Following the Yes vote from the UK’s referendum, there have been serious implications that will affect the entire travel industry. With London being the largest gateway for international travel to Europe, the result will have adverse effects on issues from immigration to air travel regulations. So what does it mean for travellers? Read on to here our take on the Brexit.
Following the Yes vote, the pound fell to its lowest level in 30 years - what does this mean for travellers to the UK? Well you’ll get more bang for your pound in the short term and some savvy travellers are buying pound now to save for future trips, although its speculative as to whether the sterling will continue to fall against the US dollar which the AED is pegged to.
Increase in air fares between the EU and the UK
In the lead up to the referendum, airlines were fiercely opposed to the potential exit of the European Union. Airlines like easyJet and Ryanair benefit from the Open Skies agreement within the EU which opened up the flight market and increased competition which ultimately led to cheaper flights. The result? Experts are predicting higher air fares and fewer scheduled flights between the EU and the UK.
Travel insurance premiums
The European Health Insurance Card has allowed Brits to benefit from local health services while travelling within the EU. The Brexit would mean travel insurance will become an even more essential travel item, with premiums expected to increase within the UK. We always recommend travel insurance to all travellers, even those travelling with an EHIC card.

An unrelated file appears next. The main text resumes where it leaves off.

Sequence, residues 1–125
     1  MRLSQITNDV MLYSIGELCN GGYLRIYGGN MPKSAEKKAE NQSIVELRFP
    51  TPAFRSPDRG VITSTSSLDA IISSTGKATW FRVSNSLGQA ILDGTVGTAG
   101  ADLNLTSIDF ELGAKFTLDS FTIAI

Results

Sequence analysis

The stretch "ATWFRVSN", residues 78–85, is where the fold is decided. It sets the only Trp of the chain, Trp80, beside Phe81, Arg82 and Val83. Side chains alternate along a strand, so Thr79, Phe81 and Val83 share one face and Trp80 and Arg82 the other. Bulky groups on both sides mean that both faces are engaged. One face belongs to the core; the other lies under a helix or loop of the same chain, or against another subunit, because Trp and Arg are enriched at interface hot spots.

Tourism from the UK within Europe is a massive market so we doubt any EU countries will impose stricter rules for UK citizens; our prediction is UK passport holders will continue to show their passports upon arrival to EU countries.
For EU passport holders travelling into the UK, the current rules allow entering the UK with only a national identity card. This is expected to change to at least presenting a passport on arrival into Britain, however, wider conversations will undoubtedly commence on visa restrictions on EU passport holders - undoubtedly this will result in colourful debate from the tourism industry that will undoubtedly oppose any rules that will make it harder for EU passport holders to enter the country.
With an impending Brexit, EU passport holders will presumably join the queue for non-UK citizens, potentially heightening weight times at an already capacitated Heathrow.
With less spending power, UK citizens might hold back on the $28billion a year they spend on outbound travel - what does that mean for the rest of the world? With potentially less travellers heading to top UK vacation spots like Ibiza, Mallorca, Tuscany and Provence there could be a potential ripple effect with hotels and airlines looking to fill demand - chances are we’ll see this effect come into place in 2017/2018.